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Barr isn’t the first powerful official to defy the courts and risk legitimizing contempt for the law

What happens to the rule of law when even the top law enforcement official in the land refuses to obey it?

That’s the question raised in a stinging rebuke of Attorney General William Barr and his Justice Department that came from an unusual source earlier this year: Federal Appeals Court Judge Frank Easterbrook.

Easterbrook excoriated Barr and the department for defying an order issued by his court.

The order in question concerned the case of Jorge Baez-Sanchez, a man living in the U.S. illegally, who was convicted of aggravated battery of a police officer and scheduled to be deported. Easterbrook quoted a letter from Attorney General Barr to the Justice Department’s Board of Immigration Appeals saying that the Seventh Circuit decision stopping that deportation was “incorrect” and need not be followed.

Responding to Barr’s assertion, Easterbrook insisted that while executive branch officials “are free to maintain … that our decision is mistaken … until the court reverses itself the Executive Branch must honor that decision.” Easterbrook said the Constitution gives courts the right to make conclusive decisions, which are not subject to disapproval or revision by another branch of government.

As someone who has studied what happens when public officials violate the law, I find Barr’s defiance reminiscent of other times in American history when powerful figures challenged the authority of the courts. Such challenges risk undermining the authority of the Constitution in the eyes of everyday Americans.

Challenging courts

The courts’ authority to interpret the law is derived from an 1803 Supreme Court decision, Marbury v. Madison, not from the Constitution itself. William Marbury, who had been appointed a justice of the peace by outgoing President John Adams, was denied the official commission for that office by James Madison, secretary of state in the incoming Jefferson administration. Marbury asked the Supreme Court to order Madison to deliver his commission. The court held that the Judiciary Act of 1789, which Marbury said gave it the power to do so, violated the Constitution. As a result, it could not provide the relief Marbury sought.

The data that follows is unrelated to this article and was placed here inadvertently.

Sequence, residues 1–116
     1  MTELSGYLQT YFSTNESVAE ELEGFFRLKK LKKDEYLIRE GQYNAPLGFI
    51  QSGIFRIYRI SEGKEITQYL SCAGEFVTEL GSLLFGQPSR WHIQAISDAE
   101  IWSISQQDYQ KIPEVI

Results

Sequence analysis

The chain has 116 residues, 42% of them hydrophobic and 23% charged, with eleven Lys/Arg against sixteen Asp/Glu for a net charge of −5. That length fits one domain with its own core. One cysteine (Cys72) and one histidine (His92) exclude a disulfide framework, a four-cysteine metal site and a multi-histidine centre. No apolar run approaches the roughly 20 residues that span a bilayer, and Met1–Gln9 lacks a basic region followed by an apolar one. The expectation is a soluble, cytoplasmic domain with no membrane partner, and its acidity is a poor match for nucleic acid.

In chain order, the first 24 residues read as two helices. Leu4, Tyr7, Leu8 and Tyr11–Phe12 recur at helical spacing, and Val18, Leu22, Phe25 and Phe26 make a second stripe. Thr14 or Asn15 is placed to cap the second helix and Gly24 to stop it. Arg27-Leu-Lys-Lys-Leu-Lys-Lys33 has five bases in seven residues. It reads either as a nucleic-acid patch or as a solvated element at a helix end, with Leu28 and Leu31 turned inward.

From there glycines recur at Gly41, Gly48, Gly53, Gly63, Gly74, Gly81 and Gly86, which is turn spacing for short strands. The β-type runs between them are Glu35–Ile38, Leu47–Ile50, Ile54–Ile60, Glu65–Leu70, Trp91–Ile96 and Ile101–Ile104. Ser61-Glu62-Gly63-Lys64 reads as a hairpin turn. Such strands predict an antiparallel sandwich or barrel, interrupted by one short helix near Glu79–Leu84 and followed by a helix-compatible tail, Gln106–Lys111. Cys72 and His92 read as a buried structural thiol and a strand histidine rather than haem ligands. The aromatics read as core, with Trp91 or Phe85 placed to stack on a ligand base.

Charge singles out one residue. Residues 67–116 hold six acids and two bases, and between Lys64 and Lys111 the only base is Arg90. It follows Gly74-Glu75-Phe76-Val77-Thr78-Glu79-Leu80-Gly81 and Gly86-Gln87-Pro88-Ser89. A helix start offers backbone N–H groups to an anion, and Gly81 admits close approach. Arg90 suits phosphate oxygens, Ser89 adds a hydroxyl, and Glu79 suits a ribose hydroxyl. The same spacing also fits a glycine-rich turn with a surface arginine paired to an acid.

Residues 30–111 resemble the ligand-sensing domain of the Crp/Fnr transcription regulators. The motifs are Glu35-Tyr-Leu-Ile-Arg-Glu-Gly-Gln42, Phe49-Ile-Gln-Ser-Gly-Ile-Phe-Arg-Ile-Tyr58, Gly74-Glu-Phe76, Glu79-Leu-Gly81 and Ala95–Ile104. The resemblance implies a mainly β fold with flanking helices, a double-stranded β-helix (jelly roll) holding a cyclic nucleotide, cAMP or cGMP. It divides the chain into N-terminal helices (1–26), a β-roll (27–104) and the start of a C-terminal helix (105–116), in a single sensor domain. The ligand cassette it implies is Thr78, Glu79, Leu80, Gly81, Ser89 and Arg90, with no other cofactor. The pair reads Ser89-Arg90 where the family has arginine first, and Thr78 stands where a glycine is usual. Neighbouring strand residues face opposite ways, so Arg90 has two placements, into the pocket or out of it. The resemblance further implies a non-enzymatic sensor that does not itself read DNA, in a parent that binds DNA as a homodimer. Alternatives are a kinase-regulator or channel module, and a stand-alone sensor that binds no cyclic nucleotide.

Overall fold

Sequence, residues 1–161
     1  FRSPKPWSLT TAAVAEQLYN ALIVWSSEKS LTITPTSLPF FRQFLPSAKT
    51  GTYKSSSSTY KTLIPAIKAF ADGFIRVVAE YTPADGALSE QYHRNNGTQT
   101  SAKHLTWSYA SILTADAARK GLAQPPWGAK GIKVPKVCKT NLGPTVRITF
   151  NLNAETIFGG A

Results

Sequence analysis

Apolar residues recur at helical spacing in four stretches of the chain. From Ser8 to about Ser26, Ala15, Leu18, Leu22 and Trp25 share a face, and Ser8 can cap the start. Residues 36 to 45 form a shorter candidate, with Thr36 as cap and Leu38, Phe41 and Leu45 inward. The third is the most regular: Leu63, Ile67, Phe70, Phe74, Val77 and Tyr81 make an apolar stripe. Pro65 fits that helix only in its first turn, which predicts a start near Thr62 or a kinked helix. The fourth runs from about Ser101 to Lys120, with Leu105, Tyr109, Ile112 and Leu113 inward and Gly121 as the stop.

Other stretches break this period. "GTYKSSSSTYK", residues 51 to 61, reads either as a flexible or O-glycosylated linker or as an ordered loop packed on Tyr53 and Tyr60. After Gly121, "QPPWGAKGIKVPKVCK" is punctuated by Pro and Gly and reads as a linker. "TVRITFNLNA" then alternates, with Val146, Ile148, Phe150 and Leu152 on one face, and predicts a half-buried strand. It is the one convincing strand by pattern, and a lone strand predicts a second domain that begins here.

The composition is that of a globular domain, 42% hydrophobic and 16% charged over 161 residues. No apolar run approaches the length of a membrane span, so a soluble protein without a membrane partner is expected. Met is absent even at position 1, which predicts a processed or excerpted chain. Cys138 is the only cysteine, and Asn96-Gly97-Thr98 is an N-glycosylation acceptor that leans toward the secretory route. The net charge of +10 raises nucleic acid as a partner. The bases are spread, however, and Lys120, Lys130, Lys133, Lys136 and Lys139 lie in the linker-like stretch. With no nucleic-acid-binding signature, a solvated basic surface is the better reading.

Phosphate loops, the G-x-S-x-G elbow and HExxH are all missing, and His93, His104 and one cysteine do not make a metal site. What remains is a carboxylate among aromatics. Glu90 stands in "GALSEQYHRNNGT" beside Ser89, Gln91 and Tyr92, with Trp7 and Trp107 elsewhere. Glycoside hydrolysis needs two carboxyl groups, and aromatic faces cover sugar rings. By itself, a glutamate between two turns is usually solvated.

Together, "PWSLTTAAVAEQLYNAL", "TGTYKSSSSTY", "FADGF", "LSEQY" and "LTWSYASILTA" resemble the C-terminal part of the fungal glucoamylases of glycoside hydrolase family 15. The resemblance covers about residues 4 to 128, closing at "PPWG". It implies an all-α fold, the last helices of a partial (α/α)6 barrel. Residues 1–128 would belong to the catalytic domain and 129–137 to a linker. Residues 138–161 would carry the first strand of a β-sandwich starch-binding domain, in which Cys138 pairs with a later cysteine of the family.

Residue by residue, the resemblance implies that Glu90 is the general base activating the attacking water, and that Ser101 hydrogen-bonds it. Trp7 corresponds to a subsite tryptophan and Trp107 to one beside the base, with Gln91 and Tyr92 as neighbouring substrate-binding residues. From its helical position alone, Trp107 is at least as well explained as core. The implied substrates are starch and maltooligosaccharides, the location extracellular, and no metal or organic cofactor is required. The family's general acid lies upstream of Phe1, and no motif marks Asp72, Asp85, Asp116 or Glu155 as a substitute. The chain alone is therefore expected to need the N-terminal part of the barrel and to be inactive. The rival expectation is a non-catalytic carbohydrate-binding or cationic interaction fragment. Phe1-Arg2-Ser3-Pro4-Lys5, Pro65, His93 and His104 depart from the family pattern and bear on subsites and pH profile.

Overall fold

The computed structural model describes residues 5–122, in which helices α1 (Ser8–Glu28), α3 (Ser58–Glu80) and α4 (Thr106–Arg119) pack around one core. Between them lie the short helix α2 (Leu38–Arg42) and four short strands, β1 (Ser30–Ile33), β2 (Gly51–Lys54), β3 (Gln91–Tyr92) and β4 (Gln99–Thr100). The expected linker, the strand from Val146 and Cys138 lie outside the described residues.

And, since that decision, from time to time political leaders have questioned the courts’ authority.

President Andrew Jackson mounted one of the most important of those challenges when he refused to enforce an 1832 Supreme Court ruling that the states could not regulate Native American land.

After that ruling, Jackson took a swipe at, the court’s chief justice: “John Marshall has made his decision, now let him enforce it.”

Moreover, that same year, Jackson vetoed an act of Congress granting a charter for the Second Bank of the United States on the grounds that the bank was unconstitutional. He did so despite an 1819 Supreme Court decision affirming its constitutionality.

In his veto message, Jackson invoked the separation of powers and said, “The opinion of the judges has no more authority over Congress than the opinion of Congress has over the judges, and on that point the president is independent of both. The authority of the Supreme Court must not, therefore, be permitted to control the Congress or the Executive when acting in their legislative capacities, but to have only such influence as the force of their reasoning may deserve.”

Jackson’s effort to stop the National Bank ultimately prevailed when it was replaced by an independent federal treasury system.

Blocking Brown

A little more than a century later, in the immediate aftermath of the 1954 landmark school desegregation ruling, Brown v. Board of Education, Southern political leaders, including members of Congress, followed Jackson’s example.